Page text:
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Article source: digitaljournal.com

Monday, December 30, 2013

9 Year Old Becomes Youngest to Summit Mt. Aconcagua

Here is an update to a previously posted blog post!

California Boy, Youngest Climber Ever To Summit Western Hemisphere’s Tallest Mountain

While many of his friends celebrated the holidays with friends and family at home, 9-year-old Tyler Armstrong made history, becoming the youngest climber ever to reach the summit of the tallest peak in the Western hemisphere.

Various leading Argentinean media outlets reported that the Yorba Linda, California native reached the summit of Mt. Aconcagua in Argentina on Christmas, along with his father, Kevin, 30, and their guide Lhawang Dhondup, 50.

It was confirmed, Friday, in a Facebook post on a page dedicated to Armstrong's climbs that they had reached the summit on Christmas Eve.

"HUGE UPDATE: We are extremely proud and excited to officially announce that Tyler Armstrong has in fact broken the ACONCAGUA RECORD!!!! He was able to summit on Christmas Eve (December 24th)," the post read. "GO TYLER!!! Stand by for some awesome pics!"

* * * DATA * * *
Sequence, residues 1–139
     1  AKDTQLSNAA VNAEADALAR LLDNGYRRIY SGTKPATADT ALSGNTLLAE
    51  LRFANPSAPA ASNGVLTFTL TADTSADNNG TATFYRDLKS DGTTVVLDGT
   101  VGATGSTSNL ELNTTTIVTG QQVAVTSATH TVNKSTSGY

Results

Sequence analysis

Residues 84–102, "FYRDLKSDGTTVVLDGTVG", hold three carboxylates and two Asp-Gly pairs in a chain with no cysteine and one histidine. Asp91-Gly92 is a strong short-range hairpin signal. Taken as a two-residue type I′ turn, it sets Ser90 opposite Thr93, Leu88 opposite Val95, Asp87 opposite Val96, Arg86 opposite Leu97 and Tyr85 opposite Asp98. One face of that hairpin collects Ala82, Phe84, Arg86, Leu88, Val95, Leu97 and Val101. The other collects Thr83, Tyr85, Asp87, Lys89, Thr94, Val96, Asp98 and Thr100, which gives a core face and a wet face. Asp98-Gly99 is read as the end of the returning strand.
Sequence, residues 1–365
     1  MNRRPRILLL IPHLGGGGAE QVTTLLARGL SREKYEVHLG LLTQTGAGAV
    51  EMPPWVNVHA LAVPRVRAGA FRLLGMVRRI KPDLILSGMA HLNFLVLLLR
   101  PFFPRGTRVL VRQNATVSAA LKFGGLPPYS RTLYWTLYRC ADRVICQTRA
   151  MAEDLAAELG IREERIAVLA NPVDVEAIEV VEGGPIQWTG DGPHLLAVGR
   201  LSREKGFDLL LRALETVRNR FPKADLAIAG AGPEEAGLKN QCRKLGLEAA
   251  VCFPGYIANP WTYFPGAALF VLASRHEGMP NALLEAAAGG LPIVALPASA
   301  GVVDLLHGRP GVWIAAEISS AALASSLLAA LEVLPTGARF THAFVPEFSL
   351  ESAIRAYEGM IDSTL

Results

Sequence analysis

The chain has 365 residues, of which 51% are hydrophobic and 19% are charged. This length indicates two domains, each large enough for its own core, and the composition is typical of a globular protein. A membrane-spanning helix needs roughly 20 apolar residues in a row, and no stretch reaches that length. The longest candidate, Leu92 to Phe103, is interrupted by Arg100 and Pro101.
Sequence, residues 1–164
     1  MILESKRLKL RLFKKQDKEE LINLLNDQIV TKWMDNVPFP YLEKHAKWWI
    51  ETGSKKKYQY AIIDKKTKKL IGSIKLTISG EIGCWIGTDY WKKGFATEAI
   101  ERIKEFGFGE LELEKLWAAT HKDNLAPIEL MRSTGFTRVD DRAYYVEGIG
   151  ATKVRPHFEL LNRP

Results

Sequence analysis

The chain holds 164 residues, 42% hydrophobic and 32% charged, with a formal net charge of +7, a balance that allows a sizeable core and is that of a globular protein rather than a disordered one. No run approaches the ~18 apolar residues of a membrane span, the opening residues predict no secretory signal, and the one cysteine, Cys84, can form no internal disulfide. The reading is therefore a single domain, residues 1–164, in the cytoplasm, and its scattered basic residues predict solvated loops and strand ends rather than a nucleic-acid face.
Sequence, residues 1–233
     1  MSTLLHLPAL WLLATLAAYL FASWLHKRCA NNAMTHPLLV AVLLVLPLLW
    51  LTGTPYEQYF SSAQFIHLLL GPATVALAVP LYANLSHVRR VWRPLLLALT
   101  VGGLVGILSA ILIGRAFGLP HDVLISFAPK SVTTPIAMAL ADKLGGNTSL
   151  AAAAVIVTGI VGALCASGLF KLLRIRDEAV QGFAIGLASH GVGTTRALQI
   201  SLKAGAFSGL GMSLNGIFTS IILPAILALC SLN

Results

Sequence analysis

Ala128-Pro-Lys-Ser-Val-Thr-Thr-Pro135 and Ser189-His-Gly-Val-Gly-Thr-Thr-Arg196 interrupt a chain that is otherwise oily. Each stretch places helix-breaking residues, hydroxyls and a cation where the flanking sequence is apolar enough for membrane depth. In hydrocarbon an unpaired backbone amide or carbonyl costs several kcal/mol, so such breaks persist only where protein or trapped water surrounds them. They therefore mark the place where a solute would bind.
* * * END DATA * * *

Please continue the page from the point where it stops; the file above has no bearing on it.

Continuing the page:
Located near the Argentina-Chile border, at 22,837 ft. high, Aconcagua is considered one of the classic climbs for serious mountain climbers and is one of the famed "Seven Summits" – the highest mountains on each of the globe's seven continents.

According to Facebook, the young climber started his trek along the Rio de Las Vacas, in Mendoza, Argentina, after receiving permission from the local government to launch the effort.

The country only permits those 18 years or older to climb to the peak. According to Argentinean newspaper Clarin, the country’s secretary of the environment initially denied giving Armstrong the permit, but his father was able to show that his son is an experienced climber despite his young age.
The young Armstrong has already notched impressive climbs, including the highest peak in the contiguous United States, Mt. Whitney, and Africa’s highest summit, Mt. Kilimanjaro.

"It takes lots and lots of training," the boy told ABC News before his climb. "I had to do ice-climbing training, so if I fall I can stop myself and not slide down the mountain. We're really working on my abs a lot. All the weight from my backpack and all the stuff that I'm carrying goes where your abs are."

Updates of his trek were provided on Facebook, including the team reaching base camp at 14,300 feet and reaching "camp two" at 17,000 feet.

Although he was scheduled to climb to the summit between Dec. 26 and Dec. 29, a Facebook update said they decided to finish the climb to the peak due to inclement weather.